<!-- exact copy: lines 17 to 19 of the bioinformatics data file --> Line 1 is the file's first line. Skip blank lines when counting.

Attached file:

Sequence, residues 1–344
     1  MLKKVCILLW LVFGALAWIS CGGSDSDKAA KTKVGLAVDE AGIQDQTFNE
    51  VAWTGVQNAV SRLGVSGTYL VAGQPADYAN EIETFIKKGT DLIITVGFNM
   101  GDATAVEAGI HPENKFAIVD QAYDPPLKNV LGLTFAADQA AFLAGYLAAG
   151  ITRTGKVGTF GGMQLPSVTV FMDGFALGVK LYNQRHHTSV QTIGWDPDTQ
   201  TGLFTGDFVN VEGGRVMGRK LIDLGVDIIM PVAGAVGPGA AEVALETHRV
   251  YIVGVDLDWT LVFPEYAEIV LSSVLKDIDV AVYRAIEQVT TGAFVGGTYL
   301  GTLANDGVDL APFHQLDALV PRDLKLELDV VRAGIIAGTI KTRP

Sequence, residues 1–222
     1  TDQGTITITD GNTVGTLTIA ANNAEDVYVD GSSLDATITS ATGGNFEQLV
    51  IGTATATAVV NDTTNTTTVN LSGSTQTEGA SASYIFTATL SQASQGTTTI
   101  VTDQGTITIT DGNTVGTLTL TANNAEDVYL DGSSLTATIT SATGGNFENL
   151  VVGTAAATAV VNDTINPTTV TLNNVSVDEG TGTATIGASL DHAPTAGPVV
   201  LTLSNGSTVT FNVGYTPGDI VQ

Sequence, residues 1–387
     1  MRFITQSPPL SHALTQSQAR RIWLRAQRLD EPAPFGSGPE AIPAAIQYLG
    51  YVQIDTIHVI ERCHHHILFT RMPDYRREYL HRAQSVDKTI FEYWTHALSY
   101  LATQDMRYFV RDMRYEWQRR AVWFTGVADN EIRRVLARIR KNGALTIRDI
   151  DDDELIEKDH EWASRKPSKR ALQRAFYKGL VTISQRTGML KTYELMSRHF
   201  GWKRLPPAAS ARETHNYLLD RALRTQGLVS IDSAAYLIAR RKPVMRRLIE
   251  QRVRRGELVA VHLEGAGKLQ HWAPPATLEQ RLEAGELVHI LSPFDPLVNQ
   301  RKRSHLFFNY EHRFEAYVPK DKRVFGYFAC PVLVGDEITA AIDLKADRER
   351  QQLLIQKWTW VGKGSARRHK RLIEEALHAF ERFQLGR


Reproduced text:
    51  YVQIDTIHVI ERCHHHILFT RMPDYRREYL HRAQSVDKTI FEYWTHALSY
   101  LATQDMRYFV RDMRYEWQRR AVWFTGVADN EIRRVLARIR KNGALTIRDI
   151  DDDELIEKDH EWASRKPSKR ALQRAFYKGL VTISQRTGML KTYELMSRHF